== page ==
Michael Kors Holdings LTD confirmed earlier reports that it would buy all outstanding shares from Versace for around $2.1 billion.
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It also announced the group will officially be called Capri Holdings Limited, named after the island of Capri, which the company referred to as an iconic, glamorous destination.
The renaming of the group was expected, given that keeping its name would perhaps confuse many customers who wouldn’t be able to separate the brand from the holding company, much like Coach Inc. did when the group renamed itself as Tapestry. Donatella Versace will stay on as creative director of the house, and will also be a shareholder in the new group, along with her brother Santo and daughter Allegra. “This demonstrates our belief in the long-term success of Versace and commitment to this new global fashion luxury group,” Donatella said in a statement. Versace CEO Jonathan Akeroyd will also remain with the company.
John D. Idol, chairman and CEO of Capri Holdings Limited, also put out a statement acknowledging the Italian brand’s history and future prospects. “We are excited to have Versace as part of our family of luxury brands, and we are committed to investing in its growth. With the full resources of our group, we believe that Versace will grow to over US$2.0 billion in revenues,” he said.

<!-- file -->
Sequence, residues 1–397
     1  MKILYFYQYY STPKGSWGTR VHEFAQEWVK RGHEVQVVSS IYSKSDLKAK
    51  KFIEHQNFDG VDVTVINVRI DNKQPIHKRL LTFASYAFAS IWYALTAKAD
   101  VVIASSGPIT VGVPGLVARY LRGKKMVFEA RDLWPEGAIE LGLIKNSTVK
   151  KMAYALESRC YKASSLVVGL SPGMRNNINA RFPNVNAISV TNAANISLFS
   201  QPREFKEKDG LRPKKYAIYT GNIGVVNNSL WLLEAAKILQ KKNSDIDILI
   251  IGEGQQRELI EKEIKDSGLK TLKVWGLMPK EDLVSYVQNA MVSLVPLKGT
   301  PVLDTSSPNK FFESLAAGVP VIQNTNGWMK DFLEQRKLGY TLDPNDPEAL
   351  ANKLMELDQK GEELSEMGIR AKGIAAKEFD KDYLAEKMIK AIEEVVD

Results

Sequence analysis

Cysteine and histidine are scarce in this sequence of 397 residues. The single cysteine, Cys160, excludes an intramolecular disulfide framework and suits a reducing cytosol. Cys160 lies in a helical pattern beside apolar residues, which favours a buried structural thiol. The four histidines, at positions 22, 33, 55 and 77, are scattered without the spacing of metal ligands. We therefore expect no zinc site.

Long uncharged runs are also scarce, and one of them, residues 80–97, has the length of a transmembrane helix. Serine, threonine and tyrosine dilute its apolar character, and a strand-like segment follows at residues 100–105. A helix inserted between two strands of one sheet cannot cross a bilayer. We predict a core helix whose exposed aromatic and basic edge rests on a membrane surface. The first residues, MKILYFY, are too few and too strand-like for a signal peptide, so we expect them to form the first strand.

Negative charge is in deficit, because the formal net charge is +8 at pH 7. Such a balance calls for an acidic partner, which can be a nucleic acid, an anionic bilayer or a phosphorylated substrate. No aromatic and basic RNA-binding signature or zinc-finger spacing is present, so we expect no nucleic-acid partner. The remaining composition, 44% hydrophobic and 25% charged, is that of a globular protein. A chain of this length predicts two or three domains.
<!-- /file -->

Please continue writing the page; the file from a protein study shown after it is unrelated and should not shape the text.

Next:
In a move that would give Michael Kors Holdings LTD a stronger foothold in the luxury fashion space, the company, which already owns Jimmy Choo, is reportedly inking a deal to buy Gianni Versace SpA that values the Italian company at $2.35 billion. Both parties are set to announce the deal as early as this week, according to sources.
For Kors, best known for his affordable luxury handbags and his appearance as a judge on the hit design competition show Project Runway, this buyout is a significant step towards building a larger, more efficient holding business that would rival that of French heavyweight conglomerates LVMH (who owns Louis Vuitton, Fendi and Givenchy) and Kering (Gucci, Balenciaga and Saint Laurent). While there hasn’t been a similar American conglomerate that compares in terms of scale and resources, this could perhaps be the start of a new power-playing entity stateside.
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There have even been guessing games as to what Michael Kors would rename his holding company, should he choose to do so. While Coach owner Tapestry has made moves to adopt a similar model (it has acquired Kate Spade and Stuart Weitzman in recent years), owning a European luxury fashion brand like Versace would give considerable clout and star power to an American fashion portfolio.